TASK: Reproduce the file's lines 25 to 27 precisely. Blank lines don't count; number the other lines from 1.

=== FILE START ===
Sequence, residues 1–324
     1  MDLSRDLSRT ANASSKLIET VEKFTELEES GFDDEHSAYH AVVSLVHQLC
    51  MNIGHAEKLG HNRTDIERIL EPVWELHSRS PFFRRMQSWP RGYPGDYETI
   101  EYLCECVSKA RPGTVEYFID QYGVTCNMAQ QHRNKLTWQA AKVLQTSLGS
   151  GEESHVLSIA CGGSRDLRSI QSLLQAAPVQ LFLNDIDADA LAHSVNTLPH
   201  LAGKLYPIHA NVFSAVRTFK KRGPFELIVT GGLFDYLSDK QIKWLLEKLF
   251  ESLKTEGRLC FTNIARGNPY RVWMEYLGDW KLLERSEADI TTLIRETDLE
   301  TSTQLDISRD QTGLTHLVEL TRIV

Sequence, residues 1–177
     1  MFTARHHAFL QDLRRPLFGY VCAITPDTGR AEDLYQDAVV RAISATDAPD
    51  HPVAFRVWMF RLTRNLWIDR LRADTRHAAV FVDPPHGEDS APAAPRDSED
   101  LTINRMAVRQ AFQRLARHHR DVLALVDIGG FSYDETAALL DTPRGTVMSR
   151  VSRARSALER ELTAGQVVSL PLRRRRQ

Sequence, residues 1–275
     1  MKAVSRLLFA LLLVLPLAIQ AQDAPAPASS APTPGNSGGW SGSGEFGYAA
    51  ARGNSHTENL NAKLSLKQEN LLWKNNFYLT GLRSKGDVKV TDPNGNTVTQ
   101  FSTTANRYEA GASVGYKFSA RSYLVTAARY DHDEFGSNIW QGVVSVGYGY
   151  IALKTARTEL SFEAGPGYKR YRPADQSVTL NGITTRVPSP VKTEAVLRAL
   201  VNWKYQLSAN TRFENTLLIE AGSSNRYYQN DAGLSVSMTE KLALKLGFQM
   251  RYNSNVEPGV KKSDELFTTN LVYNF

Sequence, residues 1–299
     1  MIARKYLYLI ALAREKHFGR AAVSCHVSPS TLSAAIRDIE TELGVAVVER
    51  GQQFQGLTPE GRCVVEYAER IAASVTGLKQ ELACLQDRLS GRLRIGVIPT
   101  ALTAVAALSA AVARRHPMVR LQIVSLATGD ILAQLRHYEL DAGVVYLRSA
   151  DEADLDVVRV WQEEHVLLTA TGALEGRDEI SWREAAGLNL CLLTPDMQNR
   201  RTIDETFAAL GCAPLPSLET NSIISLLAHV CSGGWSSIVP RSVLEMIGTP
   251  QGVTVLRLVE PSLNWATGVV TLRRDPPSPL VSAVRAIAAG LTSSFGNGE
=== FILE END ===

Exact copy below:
   151  DEADLDVVRV WQEEHVLLTA TGALEGRDEI SWREAAGLNL CLLTPDMQNR
   201  RTIDETFAAL GCAPLPSLET NSIISLLAHV CSGGWSSIVP RSVLEMIGTP
   251  QGVTVLRLVE PSLNWATGVV TLRRDPPSPL VSAVRAIAAG LTSSFGNGE